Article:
Mr. Modi: Econ secretary explanation does not hold water

There are more factors at work, affecting the value of the rupee - the Turkish Lira is a red herring and Modi should get to the bottom of it

There are more factors at work, affecting the value of the rupee - the Turkish Lira is a red herring and Modi should get to the bottom of it
There are more factors at work, affecting the value of the rupee - the Turkish Lira is a red herring and Modi should get to the bottom of it

An Open Letter to Prime Minister Modi

Dear Prime Minister Modi –

It was good to hear the clarification from the Economic Affairs Secretary about the falling value of the Rupee vis-à-vis the dollar. But I disagree with his observation that the fall in the value of the Rupee is due to global factors. Here is why:

  1. India is the fastest growing economy this year and just finished a stellar increase of 14.3% in its exports in the month of July. If there is a bright spot in the whole world, it is India.
  2. While it is true that Western currencies such as the Euro and the British Pound are weakening against the dollar, it is primarily due to their exposure in Turkey. In other words, the world is worried about what would happen to European Banks that have lent billions to Turkey, should the Turkish Lira sink. India, on the other hand does not have any exposure in this. If anything the Rupee should hold its own against the Dollar or even appreciate a bit.
  3. Regardless of the Turkish Lira crisis, which just erupted a few days back, the Rupee has been weakening against the dollar all year, down by about 8.3%[1].
  4. Moody’s Investors Service’s external vulnerability index —the ratio of short-term debt, maturing long-term debt and non-resident deposits over one year calculated as a proportion of reserves — puts Indonesia at 51 percent and India at 74 percent. The reason India does so poorly is because Moody’s thinks that India has a foreign exchange reserves problem[2]. What it is hinting, according to me, is that there is a trust deficit on the amount of India’s foreign exchange reserves.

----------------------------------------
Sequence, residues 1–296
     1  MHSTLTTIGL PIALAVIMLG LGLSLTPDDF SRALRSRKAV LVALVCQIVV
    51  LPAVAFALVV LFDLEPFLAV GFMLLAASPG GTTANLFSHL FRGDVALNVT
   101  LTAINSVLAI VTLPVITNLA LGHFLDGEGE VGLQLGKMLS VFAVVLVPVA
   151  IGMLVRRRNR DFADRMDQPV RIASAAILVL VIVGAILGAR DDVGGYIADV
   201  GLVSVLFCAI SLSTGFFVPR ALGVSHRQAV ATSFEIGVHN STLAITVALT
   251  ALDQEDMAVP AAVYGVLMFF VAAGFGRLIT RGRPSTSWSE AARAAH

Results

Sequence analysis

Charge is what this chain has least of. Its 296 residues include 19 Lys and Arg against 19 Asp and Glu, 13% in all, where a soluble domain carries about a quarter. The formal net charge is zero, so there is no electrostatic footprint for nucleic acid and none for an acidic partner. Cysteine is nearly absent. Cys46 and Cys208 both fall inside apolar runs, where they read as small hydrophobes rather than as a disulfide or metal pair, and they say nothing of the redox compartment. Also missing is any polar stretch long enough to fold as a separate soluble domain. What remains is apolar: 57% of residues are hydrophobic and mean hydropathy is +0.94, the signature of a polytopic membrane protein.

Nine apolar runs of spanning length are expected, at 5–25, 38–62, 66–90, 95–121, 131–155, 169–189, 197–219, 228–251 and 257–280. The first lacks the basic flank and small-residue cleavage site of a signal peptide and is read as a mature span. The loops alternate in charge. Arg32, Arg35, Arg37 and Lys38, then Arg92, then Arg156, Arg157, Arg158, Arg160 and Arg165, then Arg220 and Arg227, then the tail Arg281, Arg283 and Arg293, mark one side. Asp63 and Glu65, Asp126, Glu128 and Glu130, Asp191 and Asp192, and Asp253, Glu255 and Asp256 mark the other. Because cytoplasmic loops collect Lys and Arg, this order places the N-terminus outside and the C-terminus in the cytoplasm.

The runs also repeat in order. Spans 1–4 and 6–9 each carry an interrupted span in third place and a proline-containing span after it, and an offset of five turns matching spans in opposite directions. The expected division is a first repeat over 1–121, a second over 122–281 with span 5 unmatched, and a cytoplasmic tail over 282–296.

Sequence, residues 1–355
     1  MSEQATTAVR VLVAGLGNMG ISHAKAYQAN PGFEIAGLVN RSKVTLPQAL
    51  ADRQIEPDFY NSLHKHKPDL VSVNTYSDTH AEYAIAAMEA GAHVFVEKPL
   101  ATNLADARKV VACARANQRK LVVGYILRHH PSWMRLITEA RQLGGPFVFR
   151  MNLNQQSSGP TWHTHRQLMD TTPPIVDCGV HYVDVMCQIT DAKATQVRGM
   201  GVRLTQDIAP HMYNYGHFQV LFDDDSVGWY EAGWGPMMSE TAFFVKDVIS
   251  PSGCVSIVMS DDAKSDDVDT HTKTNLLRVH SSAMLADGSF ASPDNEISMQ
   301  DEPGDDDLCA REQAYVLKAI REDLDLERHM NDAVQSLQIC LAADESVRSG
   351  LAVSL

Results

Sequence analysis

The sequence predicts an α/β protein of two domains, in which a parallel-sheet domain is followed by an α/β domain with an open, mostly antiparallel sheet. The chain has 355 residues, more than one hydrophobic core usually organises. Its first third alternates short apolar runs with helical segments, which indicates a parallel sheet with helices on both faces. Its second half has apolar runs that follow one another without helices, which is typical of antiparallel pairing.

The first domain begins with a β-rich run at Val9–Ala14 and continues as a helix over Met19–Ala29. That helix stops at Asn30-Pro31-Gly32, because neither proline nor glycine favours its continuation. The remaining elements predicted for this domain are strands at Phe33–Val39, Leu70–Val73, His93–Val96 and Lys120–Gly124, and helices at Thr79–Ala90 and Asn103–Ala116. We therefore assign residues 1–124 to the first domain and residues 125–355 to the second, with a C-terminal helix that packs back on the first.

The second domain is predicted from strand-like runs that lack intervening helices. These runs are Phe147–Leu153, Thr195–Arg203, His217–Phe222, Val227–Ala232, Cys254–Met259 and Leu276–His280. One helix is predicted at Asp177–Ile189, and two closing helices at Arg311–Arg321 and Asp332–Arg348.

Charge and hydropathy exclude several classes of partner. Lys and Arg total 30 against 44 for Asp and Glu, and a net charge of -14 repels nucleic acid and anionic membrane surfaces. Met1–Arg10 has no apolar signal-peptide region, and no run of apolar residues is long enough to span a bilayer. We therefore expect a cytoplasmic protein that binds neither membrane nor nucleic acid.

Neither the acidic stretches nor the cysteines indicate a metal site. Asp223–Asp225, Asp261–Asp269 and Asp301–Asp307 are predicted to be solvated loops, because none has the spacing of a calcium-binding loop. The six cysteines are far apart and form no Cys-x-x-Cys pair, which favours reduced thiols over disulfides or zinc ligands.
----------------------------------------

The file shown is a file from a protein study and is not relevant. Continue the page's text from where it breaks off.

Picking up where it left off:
5. Since India is growing fast, I would expect the Reserve Bank of India to step in and shore up the Rupee. After all, they have $400 billion dollars in reserves and timely interventions will send the message out to the world that India is the go-to place for Manufacturing (now that China and US are at loggerheads with each other).

In summary, I think there are other factors at play – to eliminate any suspicion of Currency markets rigging, the Securities Exchange Board of India (SEBI) needs to come out and state whether the allegations of the whistleblower Ken Fong are true and if so how this has been rectified[3]. It is already close to 18 months and this should have been addressed a long time ago.

Secondly, the truth of the exposure to loans such as the ones given to Nirav Modi by the Punjab National Bank (PNB) should be completely documented bank-wise and shared with the public. How many Letters of Intent were issued bypassing the Core Banking System[4]?

The Non Performing Assets problem is of the previous regime and you should not have to bear the yoke of this challenge all alone. Come clean and tell the truth. The people understand and repose their faith in you. Sooner or later, there has to be a catharsis. It is best that you let the public know the real state of India’s banks.

References:

[1] Rupee breaches 70 mark, putting pressure on govtAug 14, 2018, LiveMint.com